In another shake-up, State Dept.'s acting inspector general resigns amid Pompeo probes

The move comes after he served fewer than three months on the job.

After fewer than three months on the job, the State Department's acting inspector general has resigned in another major shake-up of the watchdog office, ABC News has confirmed.

Stephen Akard, a longtime aide to Vice President Mike Pence, became acting IG in May after Steve Linick, a career civil servant, was fired.

Akard "has announced he is returning to the private sector after years of public service. We appreciate his dedication to the Department and to our country," a State Department spokesperson told ABC News Wednesday.

A Trump appointee, Akard had been serving as director of the Office of Foreign Missions. After becoming acting IG, Akard said he would "not exercise the authorities or duties" of director and would recuse himself from any investigation involving the Office of Foreign Missions, "matters I worked on, in a substantive way," and individuals he knows personally.

That was not enough to quell Democratic lawmakers' concerns about a conflict of interest.

Inspectors general are independent federal watchdogs assigned to different agencies and tasked with investigating corruption, malfeasance and waste. The State Department Office of Inspector General was investigating Pompeo and other senior officials for the department's use of an emergency authority to bypass Congress and sell $8 billion of arms to Saudi Arabia and the United Arab Emirates, as well as Pompeo and his wife's use of staff to run personal errands.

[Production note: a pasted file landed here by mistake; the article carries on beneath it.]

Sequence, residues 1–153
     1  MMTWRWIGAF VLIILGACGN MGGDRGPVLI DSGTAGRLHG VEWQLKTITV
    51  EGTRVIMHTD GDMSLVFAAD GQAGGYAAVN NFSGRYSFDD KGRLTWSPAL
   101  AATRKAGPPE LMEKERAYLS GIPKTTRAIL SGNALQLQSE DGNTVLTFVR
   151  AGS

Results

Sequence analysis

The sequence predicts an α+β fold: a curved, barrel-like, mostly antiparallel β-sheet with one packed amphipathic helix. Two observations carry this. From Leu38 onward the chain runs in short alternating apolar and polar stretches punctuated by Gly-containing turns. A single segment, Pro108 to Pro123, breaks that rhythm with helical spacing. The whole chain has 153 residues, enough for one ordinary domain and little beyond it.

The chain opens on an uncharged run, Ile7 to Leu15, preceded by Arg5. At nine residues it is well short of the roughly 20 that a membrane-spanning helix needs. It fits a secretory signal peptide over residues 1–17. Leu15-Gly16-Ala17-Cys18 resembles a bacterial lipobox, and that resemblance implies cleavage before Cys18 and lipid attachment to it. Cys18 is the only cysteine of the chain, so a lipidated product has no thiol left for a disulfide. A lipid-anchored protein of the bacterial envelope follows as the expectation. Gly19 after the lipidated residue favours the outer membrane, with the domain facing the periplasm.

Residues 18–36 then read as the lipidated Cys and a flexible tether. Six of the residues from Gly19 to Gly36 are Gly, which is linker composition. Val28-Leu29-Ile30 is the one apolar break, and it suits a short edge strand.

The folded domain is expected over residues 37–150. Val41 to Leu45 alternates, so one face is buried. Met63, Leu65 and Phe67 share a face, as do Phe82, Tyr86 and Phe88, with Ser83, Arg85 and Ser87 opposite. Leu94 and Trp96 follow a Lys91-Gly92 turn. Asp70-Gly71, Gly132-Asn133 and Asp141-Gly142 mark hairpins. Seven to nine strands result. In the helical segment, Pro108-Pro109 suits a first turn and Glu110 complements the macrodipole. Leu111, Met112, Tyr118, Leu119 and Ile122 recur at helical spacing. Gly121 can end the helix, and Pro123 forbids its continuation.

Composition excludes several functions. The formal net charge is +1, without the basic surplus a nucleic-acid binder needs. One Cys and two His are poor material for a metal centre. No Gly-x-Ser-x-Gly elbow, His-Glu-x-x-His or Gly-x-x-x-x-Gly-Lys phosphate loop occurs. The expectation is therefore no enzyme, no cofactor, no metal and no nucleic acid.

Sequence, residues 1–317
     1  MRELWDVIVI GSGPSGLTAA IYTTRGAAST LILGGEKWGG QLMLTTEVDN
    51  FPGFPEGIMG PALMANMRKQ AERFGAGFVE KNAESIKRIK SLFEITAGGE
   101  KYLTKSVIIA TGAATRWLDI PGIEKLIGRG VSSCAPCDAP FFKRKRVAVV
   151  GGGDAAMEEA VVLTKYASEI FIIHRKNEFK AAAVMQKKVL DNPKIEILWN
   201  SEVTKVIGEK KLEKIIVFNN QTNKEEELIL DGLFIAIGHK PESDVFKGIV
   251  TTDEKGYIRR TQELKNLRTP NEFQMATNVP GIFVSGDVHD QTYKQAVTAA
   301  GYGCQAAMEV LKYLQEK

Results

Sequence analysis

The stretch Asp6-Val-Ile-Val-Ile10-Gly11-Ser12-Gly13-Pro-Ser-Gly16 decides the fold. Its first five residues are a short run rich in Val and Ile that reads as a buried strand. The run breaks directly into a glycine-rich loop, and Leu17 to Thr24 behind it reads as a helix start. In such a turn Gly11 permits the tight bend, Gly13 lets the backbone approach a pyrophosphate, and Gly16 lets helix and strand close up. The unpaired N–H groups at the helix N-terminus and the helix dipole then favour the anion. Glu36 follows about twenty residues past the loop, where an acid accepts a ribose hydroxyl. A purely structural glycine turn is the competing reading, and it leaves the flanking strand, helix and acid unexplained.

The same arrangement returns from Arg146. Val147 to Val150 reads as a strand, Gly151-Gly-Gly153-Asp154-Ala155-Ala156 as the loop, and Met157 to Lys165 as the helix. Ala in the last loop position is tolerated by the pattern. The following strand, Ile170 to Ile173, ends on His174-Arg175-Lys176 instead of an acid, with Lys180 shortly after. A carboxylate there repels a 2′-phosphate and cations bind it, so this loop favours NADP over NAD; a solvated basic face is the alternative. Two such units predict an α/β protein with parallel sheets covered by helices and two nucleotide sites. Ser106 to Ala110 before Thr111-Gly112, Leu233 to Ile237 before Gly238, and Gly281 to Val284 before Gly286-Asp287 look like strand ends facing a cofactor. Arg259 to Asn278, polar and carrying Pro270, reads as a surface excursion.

House Democrats have been probing Linick's firing -- issuing new subpoenas on Monday for four State Department officials to testify about the decisions to fire Linick and to approve the emergency arms sales.

Akard was not among the recipients, although his resignation may make him available to speak to the committee now as the department has rejected previous subpoenas for current officials.

Akard had told his staff he had been approached about becoming acting IG in April, weeks before Linick was formally notified of his firing, ABC News reported in June.

Pompeo has denied that Linick's firing was retaliation for probes -- at first saying he was unaware of any investigations and then saying while he answered questions about the arms sale probe, he didn't know the full scope.

In closed-door testimony in June, Linick confirmed that he was conducting an "administrative review" of allegations that Pompeo and his wife Susan Pompeo improperly used department staff for personal errands as well as of the emergency arms sales, and he disclosed three previously unknown investigations involving Pompeo's office: an audit of the special immigrant visa program, a review of the International Women of Courage Award and a third involving individuals in the Office of the Protocol amid allegations of "workplace violence" there.

"We were not judging whether the policy was good or bad. We are nonpartisan. We just look at how policies are carried out and whether they comport with applicable regulations and law," he said, adding that a senior aide to Pompeo told him the investigation wasn't "appropriate" and tried to "bully" him to stop it, according to a transcript published by the House Foreign Affairs Committee.

ABC News's Benjamin Siegel contributed to this report.